Pharmacologic Prevention of Microvascular and Macrovascular Complications in Diabetes Mellitus

Implications of the Results of Recent Clinical Trials in Type 2 Diabetes

Nikhil Tandon; Mohammed K. Ali; K.M. Venkat Narayan

Disclosures

Am J Cardiovasc Drugs. 2012;12(1):7-22. 

In This Article

Abstract and Introduction

Abstract

Observational epidemiologic data indicate that lower blood glucose levels, blood pressure (BP), and lipid parameters are associated with a lower incidence of micro- and macrovascular complications in people with diabetes. While no threshold for this effect is discernible in these observational studies, intervention studies do not mirror this finding. The earliest glycemia target study in type 2 diabetes mellitus, UKPDS, demonstrated unequivocal benefits of tight glucose control on microvascular complications, but needed a prolonged follow-up to demonstrate a benefit on macrovascular outcomes and mortality. Recently, three major studies, ACCORD, ADVANCE, and VADT, evaluated the impact of attaining euglycemia (ACCORD) or near-euglycemia (ADVANCE, VADT) in older patients with diabetes and high cardiovascular (CV) risk. None of these studies, either individually or on pooled analysis, demonstrated any reduction in all-cause or CV mortality, although the meta-analyses revealed 15–17% reductions in the incidence of non-fatal myocardial infarction in those exposed to tight glucose control. A higher mortality was observed in the intensive glucose control arm of ACCORD, resulting in the premature termination of the glucose-lowering component of this study. Also, the occurrence of hypoglycemic episodes (total and major) was significantly higher in the intensive glucose control arm.
ADVANCE and ACCORD also had BP-lowering components. While data from ADVANCE demonstrated a benefit of routine use of a combination of perindopril and indapamide, with a decline in all-cause mortality, CV mortality, and new-onset microalbuminuria, reducing systolic BP to <120 mmHg in ACCORD did not result in any incremental benefits over a systolic BP <140 mmHg.
A residual CV risk observed in people with diabetes even after low-density lipoprotein (LDL) cholesterol lowering has led to trials evaluating additional therapy with fibric acid derivatives to reduce triglyceride levels. The lipid-lowering arm of ACCORD failed to demonstrate any benefit of add-on therapy with fibric acid derivatives to LDL-lowering treatment with HMG-CoA reductase inhibitors (statins) on vascular outcomes in patients with diabetes. However, data from earlier studies, and also from the subgroup analysis of ACCORD, indicate a probable benefit of adding treatment with fibric acid derivatives to individuals with persistently elevated triglyceride levels despite statin therapy.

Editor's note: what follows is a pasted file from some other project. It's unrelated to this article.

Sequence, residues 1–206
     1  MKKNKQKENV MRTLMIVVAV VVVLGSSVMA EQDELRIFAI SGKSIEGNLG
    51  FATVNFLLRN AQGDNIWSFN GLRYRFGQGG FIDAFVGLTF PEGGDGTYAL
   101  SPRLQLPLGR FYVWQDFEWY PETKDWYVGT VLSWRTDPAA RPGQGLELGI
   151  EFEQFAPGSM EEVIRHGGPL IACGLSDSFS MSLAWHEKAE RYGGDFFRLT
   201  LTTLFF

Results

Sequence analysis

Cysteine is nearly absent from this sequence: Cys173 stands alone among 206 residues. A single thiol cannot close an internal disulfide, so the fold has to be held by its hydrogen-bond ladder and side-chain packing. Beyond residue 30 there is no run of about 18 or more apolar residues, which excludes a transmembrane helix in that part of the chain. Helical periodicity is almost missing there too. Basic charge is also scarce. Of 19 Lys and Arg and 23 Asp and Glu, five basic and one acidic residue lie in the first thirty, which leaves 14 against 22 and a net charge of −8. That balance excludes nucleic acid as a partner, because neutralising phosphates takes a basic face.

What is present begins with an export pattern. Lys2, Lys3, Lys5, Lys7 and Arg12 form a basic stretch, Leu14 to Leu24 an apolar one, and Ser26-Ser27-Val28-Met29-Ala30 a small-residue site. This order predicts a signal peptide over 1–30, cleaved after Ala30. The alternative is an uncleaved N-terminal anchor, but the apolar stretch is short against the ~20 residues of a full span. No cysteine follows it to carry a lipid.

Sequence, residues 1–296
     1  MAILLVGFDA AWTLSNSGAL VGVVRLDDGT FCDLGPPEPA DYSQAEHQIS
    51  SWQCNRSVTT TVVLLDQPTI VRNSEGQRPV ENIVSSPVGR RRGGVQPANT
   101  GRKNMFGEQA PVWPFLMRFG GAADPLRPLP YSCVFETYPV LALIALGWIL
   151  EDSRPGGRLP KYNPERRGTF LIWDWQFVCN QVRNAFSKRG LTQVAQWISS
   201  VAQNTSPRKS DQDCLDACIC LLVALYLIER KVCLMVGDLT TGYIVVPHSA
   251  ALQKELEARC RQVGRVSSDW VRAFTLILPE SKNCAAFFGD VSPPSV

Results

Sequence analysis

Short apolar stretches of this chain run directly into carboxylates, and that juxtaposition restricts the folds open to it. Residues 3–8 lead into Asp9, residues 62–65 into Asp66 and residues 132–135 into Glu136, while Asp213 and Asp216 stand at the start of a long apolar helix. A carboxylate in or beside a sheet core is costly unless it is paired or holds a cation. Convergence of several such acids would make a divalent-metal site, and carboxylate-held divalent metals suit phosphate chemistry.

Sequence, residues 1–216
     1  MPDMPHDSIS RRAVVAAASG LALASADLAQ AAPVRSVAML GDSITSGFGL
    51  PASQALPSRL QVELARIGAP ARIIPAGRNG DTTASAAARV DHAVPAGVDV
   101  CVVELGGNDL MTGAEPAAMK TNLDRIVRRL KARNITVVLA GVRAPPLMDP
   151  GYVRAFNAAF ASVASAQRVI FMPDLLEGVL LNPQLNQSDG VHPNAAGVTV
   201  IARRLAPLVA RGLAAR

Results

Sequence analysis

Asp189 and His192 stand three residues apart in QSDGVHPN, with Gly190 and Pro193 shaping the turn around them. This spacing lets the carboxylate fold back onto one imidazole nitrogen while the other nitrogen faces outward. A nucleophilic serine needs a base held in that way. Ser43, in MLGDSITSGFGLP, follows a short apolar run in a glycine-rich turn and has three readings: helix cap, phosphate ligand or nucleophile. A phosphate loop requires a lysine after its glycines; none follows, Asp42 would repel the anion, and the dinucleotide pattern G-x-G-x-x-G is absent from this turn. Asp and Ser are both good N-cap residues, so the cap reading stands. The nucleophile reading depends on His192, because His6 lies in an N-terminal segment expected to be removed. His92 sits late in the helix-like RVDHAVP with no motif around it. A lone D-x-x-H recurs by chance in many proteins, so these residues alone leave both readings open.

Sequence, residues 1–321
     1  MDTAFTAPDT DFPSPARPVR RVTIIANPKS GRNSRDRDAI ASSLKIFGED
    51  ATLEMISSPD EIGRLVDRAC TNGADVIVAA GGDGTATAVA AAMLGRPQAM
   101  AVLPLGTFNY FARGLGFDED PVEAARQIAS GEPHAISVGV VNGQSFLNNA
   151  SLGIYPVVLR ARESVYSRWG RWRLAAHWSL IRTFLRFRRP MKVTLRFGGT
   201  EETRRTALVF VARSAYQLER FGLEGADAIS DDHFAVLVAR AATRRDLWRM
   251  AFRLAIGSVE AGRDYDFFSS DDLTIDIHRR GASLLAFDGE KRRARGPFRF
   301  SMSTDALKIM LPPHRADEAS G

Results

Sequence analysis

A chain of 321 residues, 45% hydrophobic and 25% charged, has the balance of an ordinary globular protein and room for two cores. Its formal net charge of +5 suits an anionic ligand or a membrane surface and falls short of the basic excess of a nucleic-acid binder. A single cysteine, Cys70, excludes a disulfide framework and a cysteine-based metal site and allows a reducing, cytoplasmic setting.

The most compelling evidence comes from studies assessing the impact of multiple risk factors – glucose, BP, and cholesterol. Studies like the Steno study unequivocally demonstrate the benefit of aggressive control of all three parameters on vascular outcomes in patients with diabetes.
In conclusion, attempts to achieve euglycemia in older patients with type 2 diabetes with co-morbidities are not associated with any survival benefit, but may reduce the occurrence of non-fatal CV events. There is a significant risk of major hypoglycemia with this approach, thereby probably limiting its utility to younger patients with new-onset disease. Similarly, lowering systolic BP below 120 mmHg in high CV risk people with diabetes is associated with significant excess adverse events, limiting the utility of such an intervention. However, a clear benefit, which is also cost effective, is observed with strategies for multiple risk-factor control, which should be universally adopted in clinical practice.

1. Introduction

Observational epidemiologic data indicate that lower blood glucose levels, lower blood pressure (BP), and lower levels of cholesterol and its atherogenic sub-fractions are each associated with diminished risk of both microvascular and macrovascular complications in people with diabetes mellitus.[1–6] Furthermore, these relationships exhibit no defined thresholds – suggesting that 'lower is better'. There have therefore been several attempts to confirm these relationships through clinical trials, which have either targeted lowering of individual risk factors, namely glucose levels, BP, and cholesterol levels, or concurrently used multiple interventions to lower all these parameters. In contrast to the epidemiologic data, the results of these clinical trials, especially those evaluating relationships between achievement of aggressive risk factor targets and macrovascular disease, have not always been consistent with the hypothesis 'lower is better'.[7] This review will discuss the results of recent clinical trials and analyses of extensions of earlier trials to help define clinical strategies for micro- and macrovascular risk lowering in patients with diabetes. Most of the studies, and thereby discussion, are based on glucose level lowering and its implications. However, recent trial evidence on BP, cholesterol level, and multiple risk-factor lowering will also be presented and discussed.

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